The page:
Scott t transformerless?

Discussion in 'The Projects Forum' started by MrMad, Oct 28, 2015.

  1. MrMad

    Thread Starter New Member

    Oct 28, 2015
    3
    0
    As the title says, I would like to know if anyone has built a circuit that would resemble the old 2 phase 90 degree generators. I am trying to reproduce this type of generator, or waveform, for research purposes in my shop. I would like to have something that could produce 120v in the 2 to 5 amp range. The voltage would be stepped down to 24vac and rectified to power an apparatus that uses some 24v coils. The final voltage would be 24vdc at 120hz 90 degrees apart if rectified with a fwbr, if I am correct. I have done some researching and have come up with these options so far:

    Option 1- Use a my shops single phase to power a small 1hp 3 phase motor and make a rotary add a phase. I would then take 2 small transformers and make an actual scott t transformer to connect to the 3 phase output.

    Option 2- Use a stepper motor controller and driver and use the output to drive the coils. This could probably work from what I have read but I am not sure if I could get at least a stepped square wave form from this as I have never worked with one.

    Option 3- some form of transformerless scott t circuit

    The reason for having the 120vac output is to have the option of stepping it down to different voltages if need be. Any ideas would be welcomed. I have some basic knowledge in electronics but I know there are others out there who are more experienced in this field and/or might have done something similar.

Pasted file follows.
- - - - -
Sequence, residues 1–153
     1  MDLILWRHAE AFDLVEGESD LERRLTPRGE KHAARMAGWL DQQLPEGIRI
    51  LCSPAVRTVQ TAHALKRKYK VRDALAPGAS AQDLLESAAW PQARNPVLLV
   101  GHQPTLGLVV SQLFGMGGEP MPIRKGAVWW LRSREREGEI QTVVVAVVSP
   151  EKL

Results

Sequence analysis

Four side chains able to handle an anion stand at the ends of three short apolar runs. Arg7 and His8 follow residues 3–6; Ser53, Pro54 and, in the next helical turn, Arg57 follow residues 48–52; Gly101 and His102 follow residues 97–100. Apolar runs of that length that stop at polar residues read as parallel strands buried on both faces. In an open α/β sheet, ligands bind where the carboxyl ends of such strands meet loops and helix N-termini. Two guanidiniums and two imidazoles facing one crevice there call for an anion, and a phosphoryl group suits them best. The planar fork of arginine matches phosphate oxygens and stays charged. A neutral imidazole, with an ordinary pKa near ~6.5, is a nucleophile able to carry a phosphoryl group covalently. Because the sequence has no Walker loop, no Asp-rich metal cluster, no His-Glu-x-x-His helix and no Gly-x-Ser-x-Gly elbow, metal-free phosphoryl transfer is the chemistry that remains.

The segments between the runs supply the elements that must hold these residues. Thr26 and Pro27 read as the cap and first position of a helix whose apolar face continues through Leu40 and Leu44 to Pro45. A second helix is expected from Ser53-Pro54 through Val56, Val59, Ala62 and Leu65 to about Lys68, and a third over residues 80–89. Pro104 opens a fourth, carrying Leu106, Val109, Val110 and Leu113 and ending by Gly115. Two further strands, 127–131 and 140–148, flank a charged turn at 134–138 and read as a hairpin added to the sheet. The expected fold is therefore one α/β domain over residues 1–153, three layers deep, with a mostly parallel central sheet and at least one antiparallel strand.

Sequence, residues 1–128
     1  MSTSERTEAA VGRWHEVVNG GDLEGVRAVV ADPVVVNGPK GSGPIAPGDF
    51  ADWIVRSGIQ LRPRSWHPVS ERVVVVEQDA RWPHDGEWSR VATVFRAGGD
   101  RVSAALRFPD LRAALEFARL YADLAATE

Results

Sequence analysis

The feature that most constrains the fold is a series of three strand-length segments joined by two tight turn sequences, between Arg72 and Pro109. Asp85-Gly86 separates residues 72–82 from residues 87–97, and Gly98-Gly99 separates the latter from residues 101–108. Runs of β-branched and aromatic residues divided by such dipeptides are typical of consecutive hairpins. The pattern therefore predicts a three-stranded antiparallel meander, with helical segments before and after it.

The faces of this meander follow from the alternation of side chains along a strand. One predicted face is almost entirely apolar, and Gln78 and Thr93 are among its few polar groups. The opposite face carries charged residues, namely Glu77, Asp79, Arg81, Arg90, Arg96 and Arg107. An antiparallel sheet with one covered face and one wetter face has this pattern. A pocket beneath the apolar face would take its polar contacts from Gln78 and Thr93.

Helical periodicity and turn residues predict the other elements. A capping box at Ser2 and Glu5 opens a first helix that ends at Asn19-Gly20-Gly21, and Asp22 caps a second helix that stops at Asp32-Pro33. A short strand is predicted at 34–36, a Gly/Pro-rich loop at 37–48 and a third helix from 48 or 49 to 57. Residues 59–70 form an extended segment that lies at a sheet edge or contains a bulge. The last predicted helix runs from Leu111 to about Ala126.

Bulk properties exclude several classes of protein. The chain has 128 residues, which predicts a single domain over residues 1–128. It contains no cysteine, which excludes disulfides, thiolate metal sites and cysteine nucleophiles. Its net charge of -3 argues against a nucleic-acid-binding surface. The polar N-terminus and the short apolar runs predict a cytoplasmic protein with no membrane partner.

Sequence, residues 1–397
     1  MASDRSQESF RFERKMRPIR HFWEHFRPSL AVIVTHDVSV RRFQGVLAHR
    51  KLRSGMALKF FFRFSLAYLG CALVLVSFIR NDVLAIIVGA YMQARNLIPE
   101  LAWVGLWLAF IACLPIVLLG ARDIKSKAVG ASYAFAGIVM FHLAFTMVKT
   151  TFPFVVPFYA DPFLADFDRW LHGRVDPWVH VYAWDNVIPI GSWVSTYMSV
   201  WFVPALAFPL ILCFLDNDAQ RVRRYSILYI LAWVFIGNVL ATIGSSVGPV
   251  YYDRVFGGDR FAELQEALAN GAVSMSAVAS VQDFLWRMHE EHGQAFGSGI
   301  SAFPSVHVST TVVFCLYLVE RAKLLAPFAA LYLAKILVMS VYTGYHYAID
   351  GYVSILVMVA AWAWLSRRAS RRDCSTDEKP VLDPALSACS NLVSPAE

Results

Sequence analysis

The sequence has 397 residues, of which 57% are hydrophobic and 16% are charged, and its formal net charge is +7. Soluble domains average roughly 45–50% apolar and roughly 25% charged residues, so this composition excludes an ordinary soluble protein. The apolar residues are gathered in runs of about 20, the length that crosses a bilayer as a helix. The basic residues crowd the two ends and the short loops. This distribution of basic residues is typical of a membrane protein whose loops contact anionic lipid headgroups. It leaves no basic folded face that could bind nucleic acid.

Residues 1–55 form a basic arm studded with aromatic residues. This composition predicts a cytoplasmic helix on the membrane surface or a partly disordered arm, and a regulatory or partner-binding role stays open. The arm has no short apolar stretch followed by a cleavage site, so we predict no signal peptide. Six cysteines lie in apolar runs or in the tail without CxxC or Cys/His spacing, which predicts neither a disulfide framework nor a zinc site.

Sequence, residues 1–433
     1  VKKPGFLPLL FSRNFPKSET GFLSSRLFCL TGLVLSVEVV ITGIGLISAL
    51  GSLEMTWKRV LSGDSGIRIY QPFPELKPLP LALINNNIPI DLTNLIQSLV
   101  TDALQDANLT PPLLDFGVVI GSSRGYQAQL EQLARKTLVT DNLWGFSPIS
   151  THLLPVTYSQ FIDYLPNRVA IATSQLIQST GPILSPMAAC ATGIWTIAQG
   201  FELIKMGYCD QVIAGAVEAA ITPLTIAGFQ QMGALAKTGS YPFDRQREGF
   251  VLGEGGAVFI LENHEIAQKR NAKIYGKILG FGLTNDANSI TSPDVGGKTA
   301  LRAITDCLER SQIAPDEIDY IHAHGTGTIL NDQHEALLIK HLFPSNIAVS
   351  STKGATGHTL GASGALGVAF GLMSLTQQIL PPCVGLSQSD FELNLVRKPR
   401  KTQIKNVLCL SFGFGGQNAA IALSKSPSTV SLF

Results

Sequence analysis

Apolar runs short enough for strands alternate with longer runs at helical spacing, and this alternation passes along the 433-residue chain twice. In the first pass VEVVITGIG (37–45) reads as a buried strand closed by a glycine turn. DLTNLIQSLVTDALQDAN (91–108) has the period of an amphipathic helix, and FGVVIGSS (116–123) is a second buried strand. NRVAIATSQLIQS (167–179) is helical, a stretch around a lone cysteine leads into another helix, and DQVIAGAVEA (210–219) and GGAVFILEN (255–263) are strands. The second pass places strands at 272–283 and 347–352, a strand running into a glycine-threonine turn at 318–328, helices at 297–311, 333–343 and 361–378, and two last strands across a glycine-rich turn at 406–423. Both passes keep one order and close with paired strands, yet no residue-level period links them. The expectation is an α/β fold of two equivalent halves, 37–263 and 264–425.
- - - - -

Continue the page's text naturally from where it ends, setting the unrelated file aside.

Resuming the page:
2. Lestraveled

    Well-Known Member

    May 19, 2014
    1,957
    1,215
    Do a EBay search for "georator". They are rotary phase/frequency/voltage converters.
     
    Last edited: Oct 28, 2015
  3. MrMad

    Thread Starter New Member

    Oct 28, 2015
    3
    0
    Thanks for the tip. I have searched for this before but have found that there are mostly frequency and 3 phase to single phase converters. Haven't seen or been able to find a 3 phase or single phase to 2 phase georator. 2 phase disappeared many years ago, not too popular anymore.
     
  4. Ramussons

    Active Member

    May 3, 2013
    557
    92
    Do you have a 3 Phase source? May be you can try a Scott Connection setup to get the 2 Phase Supply.
     
  5. MrMad

    Thread Starter New Member

    Oct 28, 2015
    3
    0
    No, but my first option that I posted would be just that.
     
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